before black friday comes

i don’t know who came up with the term “black friday,” for the day after thanksgiving – which is traditionally the biggest shopping day of the year – but here it comes again. and before we all get swept up in the holiday madness, i wanted to offer a few thoughts.

i read a short article in “adbusters” suggesting that we could take a page from islam in our approach to the frenzy of the holiday season, and the all-too common crash that comes in january when it’s all over. the author writes, “once the cheer that i’ve been mainlining since he day after thanksgiving dries up, i’m left with an emptiness i can’t describe.” she asks what it would be like if we introduce an element or two from ramadan into our christmas excess? muslums, during the daylight hours, refrain from eating, drinking and general excess for the month of ramadan. the author offers that fasting is an excercise that, like meditation, can leave one feeling more connected and whole. at the very least, it will leave us feeling less bloated and can go a long way toward alleviating that vague feeling of guilt from our month of overindulgence. i’m going to give it a try, in a modified way – setting aside my hours at work (the few i have left) for fasting. if for no other reason than just to see how it feels. (adbusters also suggest turning black friday into “buy nothing day.”)

i also find that, when people ask what i want for christmas, what comes to mind is how much stuff i already have all around me – closet full of clothes i don’t really wear, shelves of books i’ve already read, and all manner of knick-knacks that seem to crowd my life. we americans think little of the piles of stuff we surround ourselves with, when most people in the world have so little. without moralizing any more, i’d like to suggest two gift giving ideas for the people in your life who, like me, already have too much stuff.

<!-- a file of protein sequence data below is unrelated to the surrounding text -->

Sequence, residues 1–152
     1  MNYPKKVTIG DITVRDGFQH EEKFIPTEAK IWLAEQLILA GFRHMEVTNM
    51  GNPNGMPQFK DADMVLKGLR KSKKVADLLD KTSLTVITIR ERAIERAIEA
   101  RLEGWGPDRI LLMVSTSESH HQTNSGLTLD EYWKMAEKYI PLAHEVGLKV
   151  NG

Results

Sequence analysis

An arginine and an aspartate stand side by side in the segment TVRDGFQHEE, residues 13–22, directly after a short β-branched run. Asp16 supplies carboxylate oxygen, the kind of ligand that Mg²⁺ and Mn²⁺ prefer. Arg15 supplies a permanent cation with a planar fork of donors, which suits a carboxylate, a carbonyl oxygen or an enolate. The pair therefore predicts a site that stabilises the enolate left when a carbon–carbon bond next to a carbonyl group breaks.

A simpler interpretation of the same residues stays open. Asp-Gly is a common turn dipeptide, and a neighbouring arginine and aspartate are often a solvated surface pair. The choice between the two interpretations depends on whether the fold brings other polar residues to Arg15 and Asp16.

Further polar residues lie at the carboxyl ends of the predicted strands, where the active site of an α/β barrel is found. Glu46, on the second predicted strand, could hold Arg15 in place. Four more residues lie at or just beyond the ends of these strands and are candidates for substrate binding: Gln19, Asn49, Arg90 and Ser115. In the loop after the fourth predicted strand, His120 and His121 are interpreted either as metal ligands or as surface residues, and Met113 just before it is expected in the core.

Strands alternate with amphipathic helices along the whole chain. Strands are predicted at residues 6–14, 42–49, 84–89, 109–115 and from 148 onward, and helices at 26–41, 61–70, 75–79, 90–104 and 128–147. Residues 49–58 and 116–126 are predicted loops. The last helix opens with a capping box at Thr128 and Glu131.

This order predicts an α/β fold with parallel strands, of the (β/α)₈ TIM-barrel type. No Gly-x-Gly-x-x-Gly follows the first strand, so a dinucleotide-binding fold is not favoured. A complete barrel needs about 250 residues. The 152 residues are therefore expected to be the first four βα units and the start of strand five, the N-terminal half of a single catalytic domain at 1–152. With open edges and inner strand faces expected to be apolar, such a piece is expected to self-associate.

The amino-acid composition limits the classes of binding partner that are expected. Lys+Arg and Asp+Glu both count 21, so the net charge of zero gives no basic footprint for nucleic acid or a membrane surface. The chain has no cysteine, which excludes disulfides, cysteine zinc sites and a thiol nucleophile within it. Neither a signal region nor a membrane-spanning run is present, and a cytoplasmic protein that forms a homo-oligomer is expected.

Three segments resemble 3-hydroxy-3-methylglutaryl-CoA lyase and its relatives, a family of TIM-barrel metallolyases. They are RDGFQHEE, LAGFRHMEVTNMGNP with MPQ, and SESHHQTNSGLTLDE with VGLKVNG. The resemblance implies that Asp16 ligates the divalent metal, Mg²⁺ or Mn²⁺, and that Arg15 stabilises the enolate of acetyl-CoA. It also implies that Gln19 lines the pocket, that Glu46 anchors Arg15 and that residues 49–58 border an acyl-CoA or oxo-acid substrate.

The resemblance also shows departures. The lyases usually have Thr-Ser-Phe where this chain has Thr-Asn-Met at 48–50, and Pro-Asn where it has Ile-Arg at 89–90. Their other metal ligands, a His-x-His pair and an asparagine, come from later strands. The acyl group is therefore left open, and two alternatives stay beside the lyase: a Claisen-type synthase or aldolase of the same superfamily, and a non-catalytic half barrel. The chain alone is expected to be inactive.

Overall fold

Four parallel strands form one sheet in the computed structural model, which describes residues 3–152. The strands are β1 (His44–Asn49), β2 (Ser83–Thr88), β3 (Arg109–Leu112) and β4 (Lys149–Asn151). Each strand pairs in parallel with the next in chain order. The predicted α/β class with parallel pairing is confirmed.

one is the give card, a visa card that you can load up with $$, but which the recipient, upon activation, chooses from a long list of charitable organizations to donate $5 or more to from the amount on the card. then they can spend the rest on themselves if they want, or give it all away. i’m sure visa makes a few $$ off the deal, but it seems like a good idea to me.

then there is changing the present, which allows you, the gift giver, to choose from a long list of worthy causes – mostly people who have so much less than we do – and make a donation in the name of your recipient.

granted, we could find worthy causes – probably in our own backyards – on our own, but these two sites make it easy and quick to give a little something to someone who really needs it. it is all too easy to pass up the charitable giving in the face of how busy we all get – these two sites give us no excuses.

i have no intension of raining on anyone’s parade and dampening anyone’s turkey – we should enjoy the bounty and the love of family and friends around us. i would just suggest that we all set a little time and energy aside for others not as fortunate.

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Author: Stephen

Stephen Harris is a writer, painter and a photographer who lives with his family in Maine.

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